Mood: Reflective, informative
Content Warning(s): Racism, colonization, cultural appropriation
In Butts: A Backstory, Radke explores the butt and its significance in Western culture. A satisfying mix of personal narrative and historical analysis, Radke uses one physical body part—the butt—as a jumping-off point to reevaluate the way we look at our bodies AND to question the very reasons we’re judging our bodies in the first place.
Radke’s analysis of butts and how/why they’ve been sexualized is also an examination of racism, cultural appropriation, and colonization, and the generations of harm caused by white people: “…white culture and fashion have both proved relentlessly adept at cherry-picking throughout the centuries, finding a way to poach the parts of other people’s culture, histories, and bodies that suit them and leave behind the rest.”
Refreshingly straightforward and well-researched, Butts: A Backstory has forever changed the way I perceive my own body and the bodies around me: “On and in our bodies, we carry histories…histories of our families, our lives, and of the world. Our feelings about our bodies are the legacy of people and stories from long ago.”
Review by Sophia
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A fascinating journey into the scientific and cultural history of the female butt–for fans of Mary Roach and Mark Kurlansky.
Growing up, Heather Radke always felt that her butt was too big. Whether she was sitting in dressing rooms with her mom as they tried on clothes, walking down the street to unwanted cat calls, or ignoring the kids snickering in middle school hallways during the era of rail-thin supermodels, the generous shape of her rear end made her feel unattractive and out of place. Until about a decade or so later, when she realized that curvy figures like hers were suddenly everywhere: song lyrics declaring love for big butts, advertisements, and on the covers of celebrity tabloids. What she had been once ashamed of was suddenly a kind of superpower: what had happened?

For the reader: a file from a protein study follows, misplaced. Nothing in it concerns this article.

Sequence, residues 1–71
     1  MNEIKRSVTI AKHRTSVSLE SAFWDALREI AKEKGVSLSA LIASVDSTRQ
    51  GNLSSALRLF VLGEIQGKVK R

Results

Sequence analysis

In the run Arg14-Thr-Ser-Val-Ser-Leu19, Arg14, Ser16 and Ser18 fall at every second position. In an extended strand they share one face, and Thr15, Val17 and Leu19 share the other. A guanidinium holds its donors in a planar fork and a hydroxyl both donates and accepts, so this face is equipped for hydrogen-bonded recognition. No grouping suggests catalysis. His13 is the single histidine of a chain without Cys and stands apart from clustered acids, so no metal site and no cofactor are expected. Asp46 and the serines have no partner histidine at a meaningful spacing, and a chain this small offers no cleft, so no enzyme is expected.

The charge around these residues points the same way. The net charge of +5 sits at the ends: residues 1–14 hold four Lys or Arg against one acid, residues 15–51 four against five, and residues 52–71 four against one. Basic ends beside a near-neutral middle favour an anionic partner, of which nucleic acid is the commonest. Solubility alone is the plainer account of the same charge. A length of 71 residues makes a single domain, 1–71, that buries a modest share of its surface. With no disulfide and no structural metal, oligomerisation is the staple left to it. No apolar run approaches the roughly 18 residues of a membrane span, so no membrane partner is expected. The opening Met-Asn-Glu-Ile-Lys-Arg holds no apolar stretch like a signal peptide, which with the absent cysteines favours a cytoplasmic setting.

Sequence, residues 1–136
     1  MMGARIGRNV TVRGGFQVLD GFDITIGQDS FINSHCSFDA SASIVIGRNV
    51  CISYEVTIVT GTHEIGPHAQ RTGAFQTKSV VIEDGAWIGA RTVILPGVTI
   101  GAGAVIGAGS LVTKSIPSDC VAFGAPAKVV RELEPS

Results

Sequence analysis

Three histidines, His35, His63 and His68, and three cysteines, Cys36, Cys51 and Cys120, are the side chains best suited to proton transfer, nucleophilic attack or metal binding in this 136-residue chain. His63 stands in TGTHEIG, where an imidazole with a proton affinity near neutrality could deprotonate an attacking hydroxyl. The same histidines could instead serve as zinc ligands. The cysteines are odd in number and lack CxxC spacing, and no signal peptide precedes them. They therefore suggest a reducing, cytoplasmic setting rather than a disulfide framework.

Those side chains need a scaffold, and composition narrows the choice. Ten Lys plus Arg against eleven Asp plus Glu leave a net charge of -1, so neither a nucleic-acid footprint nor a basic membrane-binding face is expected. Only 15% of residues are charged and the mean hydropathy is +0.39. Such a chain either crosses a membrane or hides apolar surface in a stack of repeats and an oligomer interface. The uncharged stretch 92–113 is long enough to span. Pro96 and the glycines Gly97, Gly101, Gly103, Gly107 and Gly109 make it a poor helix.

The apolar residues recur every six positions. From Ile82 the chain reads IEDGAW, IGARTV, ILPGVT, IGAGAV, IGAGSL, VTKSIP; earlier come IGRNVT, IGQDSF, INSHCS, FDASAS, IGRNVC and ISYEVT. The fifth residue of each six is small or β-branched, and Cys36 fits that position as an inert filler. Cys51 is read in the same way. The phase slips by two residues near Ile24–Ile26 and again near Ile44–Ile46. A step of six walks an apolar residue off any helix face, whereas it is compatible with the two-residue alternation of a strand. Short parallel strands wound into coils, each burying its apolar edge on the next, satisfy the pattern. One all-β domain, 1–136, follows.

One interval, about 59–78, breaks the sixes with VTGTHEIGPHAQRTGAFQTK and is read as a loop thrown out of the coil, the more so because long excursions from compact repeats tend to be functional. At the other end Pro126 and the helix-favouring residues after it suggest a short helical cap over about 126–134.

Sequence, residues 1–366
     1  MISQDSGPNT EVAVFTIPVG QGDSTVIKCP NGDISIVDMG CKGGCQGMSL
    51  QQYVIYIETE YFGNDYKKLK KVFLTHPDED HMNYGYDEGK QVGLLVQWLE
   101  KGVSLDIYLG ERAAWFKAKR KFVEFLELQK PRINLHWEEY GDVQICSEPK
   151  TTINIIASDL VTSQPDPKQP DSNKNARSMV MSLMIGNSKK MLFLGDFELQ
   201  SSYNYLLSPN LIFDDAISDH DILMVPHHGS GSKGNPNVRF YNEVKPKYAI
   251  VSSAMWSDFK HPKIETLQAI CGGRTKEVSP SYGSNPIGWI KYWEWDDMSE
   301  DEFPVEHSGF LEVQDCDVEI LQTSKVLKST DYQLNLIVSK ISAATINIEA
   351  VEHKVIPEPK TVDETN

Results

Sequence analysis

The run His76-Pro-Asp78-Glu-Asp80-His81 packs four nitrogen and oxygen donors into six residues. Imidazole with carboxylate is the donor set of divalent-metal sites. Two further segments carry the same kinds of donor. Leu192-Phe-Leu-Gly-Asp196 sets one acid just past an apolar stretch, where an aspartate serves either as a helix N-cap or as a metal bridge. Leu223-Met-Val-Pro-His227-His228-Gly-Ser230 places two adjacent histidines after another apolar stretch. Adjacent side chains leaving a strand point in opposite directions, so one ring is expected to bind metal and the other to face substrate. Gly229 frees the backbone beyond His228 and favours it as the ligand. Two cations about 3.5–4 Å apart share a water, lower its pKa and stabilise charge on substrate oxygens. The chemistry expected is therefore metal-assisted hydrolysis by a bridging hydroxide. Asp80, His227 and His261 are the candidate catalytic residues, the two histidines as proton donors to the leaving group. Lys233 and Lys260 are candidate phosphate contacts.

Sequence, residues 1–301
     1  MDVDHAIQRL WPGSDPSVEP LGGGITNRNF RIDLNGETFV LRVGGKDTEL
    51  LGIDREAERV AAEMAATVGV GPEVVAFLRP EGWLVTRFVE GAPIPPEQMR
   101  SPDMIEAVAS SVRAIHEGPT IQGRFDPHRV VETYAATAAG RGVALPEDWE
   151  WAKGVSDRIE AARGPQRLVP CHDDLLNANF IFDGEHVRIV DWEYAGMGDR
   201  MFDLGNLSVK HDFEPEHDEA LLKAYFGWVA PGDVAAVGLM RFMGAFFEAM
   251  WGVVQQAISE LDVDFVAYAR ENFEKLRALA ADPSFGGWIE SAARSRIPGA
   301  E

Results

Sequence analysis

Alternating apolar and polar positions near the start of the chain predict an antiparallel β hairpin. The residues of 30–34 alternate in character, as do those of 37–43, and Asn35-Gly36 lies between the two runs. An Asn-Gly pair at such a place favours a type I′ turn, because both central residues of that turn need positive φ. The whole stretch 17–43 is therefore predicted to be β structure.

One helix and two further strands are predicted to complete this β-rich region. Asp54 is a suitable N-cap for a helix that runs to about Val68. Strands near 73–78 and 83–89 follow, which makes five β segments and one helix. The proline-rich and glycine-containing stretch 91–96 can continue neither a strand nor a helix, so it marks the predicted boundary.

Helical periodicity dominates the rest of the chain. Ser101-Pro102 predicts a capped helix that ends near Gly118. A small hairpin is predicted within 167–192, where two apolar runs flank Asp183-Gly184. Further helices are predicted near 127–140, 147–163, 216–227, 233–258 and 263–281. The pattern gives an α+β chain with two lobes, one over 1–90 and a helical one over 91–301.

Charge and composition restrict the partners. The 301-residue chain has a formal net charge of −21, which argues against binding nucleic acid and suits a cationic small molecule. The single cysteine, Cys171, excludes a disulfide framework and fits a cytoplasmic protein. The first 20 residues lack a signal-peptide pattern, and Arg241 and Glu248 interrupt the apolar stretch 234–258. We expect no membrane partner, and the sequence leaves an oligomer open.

To investigate, Radke–now a museum curator and writer–set out to learn how butts became the most desired, sexualized, and mythologized part of the female body. Along the way, she explores the halls of Harvard, the fashion studios of New York and museum archives in Paris and London, interviewing evolutionary biologists who study the way our butts help us run, models whose measurements have defined jean sizes for decades, and creators of the glute-focused fitness crazes of the 1980s, like Buns of Steel. She explores the impact of Sarah Bartmann, known as “The Venus Hottentot,” flappers, drag queens, and the twerking craze.
Part deep dive reportage, part personal journey, and part cabinet of curiosities, Butts is an entertaining, informative, and thoughtful examination of how and why certain kinds of figures come in and out of fashion, and how larger forces, like equality, control, liberation, and power affect our most private feelings about our own bodies, contributing to how we see ourselves and one another.